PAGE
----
News of the day, of the world—seemingly always, only dark and disheartening—got you down? About that, Brian Treanor is understanding, but unbowed, actually resistive. He tells you why and how in his brand-new book, Melancholic Joy, but not before he “unflinchingly acknowledges the everyday frustrations and extraordinary horrors that generate despair,” which is how writer Alison Mullin puts it in the January Bellarmine News, the publication of Loyola Marymount University, the Los Angeles school at which Treanor has taught for almost two decades.
True, “we often allow one aspect of reality, i.e., that which we experience as a burden, threat, or loss,” the author explains in his interview with Mullin, “to occlude another, i.e., that which we experience as a gift or a grace.” To take up “melancholic joy,” Mullin adds, is to accept “the mystery of a world both beautiful and brutal.”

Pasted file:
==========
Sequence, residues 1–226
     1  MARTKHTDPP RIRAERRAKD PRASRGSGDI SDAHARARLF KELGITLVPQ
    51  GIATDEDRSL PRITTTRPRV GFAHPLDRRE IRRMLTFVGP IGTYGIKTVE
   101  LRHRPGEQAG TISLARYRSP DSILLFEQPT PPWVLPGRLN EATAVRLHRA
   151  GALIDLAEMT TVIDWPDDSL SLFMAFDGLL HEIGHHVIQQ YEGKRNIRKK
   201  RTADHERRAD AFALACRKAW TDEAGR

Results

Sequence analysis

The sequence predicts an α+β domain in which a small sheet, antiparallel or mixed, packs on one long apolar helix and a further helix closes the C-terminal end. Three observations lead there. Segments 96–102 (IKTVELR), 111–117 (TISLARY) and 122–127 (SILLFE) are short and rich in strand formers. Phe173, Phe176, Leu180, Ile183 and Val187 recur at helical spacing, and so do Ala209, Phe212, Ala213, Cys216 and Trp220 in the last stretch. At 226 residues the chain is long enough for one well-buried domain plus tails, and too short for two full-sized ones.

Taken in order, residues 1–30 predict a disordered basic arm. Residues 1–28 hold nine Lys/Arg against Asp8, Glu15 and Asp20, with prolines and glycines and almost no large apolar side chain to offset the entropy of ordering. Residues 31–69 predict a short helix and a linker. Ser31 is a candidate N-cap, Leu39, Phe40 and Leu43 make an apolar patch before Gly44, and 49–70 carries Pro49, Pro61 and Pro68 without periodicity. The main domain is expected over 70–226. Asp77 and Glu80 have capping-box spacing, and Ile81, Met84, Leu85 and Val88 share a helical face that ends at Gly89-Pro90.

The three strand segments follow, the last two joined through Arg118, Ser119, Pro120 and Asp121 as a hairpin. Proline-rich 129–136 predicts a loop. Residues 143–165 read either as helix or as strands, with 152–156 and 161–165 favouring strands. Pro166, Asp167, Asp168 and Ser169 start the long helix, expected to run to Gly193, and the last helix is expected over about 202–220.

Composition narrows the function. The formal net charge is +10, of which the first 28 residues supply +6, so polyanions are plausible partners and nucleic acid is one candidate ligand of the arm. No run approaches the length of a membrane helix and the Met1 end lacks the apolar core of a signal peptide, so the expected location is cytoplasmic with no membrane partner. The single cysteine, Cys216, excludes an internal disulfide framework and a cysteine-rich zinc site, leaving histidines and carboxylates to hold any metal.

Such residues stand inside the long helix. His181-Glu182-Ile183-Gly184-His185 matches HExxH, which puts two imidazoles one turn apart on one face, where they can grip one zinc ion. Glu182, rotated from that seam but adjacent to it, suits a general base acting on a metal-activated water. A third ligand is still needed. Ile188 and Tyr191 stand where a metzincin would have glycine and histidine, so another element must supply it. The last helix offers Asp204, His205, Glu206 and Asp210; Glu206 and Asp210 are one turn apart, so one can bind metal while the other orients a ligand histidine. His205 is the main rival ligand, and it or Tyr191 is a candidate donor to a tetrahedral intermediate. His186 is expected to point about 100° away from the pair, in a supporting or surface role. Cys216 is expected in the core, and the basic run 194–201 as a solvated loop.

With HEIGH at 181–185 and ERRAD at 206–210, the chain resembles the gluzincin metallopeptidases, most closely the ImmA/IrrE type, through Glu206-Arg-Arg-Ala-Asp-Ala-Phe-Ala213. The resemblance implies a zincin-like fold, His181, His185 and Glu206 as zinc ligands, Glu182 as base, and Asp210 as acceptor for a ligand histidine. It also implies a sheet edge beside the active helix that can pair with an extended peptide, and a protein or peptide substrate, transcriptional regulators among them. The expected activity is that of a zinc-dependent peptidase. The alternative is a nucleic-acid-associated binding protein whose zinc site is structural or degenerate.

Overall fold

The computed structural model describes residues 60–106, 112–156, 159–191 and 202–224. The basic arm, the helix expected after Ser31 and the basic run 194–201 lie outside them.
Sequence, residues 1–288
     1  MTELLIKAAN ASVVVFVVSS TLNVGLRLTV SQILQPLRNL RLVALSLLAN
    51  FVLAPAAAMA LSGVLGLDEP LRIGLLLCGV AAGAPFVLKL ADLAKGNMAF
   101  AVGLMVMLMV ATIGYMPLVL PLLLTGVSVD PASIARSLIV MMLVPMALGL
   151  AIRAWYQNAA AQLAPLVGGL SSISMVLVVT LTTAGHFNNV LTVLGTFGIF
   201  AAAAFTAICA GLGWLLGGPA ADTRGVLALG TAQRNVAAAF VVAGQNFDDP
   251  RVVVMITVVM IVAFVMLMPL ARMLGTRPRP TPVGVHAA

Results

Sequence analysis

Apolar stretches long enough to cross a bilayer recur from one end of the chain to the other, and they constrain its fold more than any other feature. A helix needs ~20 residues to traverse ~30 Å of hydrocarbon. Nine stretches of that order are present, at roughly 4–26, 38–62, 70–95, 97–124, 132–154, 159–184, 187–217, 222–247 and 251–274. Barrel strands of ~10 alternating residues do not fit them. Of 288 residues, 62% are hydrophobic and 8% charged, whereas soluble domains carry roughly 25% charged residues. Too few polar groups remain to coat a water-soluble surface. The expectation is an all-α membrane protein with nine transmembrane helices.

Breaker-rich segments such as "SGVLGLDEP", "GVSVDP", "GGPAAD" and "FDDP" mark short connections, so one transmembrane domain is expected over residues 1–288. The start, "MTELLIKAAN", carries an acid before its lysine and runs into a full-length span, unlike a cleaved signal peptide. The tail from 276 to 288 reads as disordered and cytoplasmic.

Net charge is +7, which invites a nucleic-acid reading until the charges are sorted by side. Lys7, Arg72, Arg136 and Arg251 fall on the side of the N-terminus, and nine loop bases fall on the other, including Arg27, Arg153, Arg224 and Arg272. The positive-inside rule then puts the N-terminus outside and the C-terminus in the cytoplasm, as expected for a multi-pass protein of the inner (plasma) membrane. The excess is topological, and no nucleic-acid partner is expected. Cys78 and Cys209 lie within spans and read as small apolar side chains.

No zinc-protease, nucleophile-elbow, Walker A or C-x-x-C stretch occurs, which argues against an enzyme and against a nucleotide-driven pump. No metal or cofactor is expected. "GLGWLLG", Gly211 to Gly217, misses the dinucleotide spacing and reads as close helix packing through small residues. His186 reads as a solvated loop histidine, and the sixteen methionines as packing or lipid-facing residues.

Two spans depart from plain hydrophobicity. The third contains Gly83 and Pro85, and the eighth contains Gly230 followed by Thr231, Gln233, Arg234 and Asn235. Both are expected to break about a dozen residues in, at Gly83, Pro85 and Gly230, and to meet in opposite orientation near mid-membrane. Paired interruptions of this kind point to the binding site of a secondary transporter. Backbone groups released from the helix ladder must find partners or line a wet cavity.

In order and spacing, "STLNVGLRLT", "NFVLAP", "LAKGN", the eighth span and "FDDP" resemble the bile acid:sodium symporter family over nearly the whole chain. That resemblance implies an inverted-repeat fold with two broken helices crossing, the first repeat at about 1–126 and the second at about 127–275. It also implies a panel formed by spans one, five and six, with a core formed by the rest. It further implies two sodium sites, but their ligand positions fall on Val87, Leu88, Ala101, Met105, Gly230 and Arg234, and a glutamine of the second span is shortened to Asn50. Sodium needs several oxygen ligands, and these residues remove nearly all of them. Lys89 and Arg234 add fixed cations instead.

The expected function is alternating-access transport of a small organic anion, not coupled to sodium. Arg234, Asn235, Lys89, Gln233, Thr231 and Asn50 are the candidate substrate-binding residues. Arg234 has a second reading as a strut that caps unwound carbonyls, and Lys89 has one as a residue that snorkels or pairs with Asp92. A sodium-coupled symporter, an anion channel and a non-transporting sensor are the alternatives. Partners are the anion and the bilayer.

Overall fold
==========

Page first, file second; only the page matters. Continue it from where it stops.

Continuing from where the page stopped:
LMU’s president, Robert Lawton, S.J., describes Treanor as being “extraordinarily wise and articulate,” characteristics which the book confirms. Professor of philosophy, Treanor, who occupys a named chair in social values at LMU, and who’s earned 10 excellence-in-teaching awards, was founding director of the school’s environmental studies program and its Academy of Catholic Thought and Imagination.
Melancholic Joy: On Life Worth Living
By Brian Treanor
Bloomsbury Academic, 2021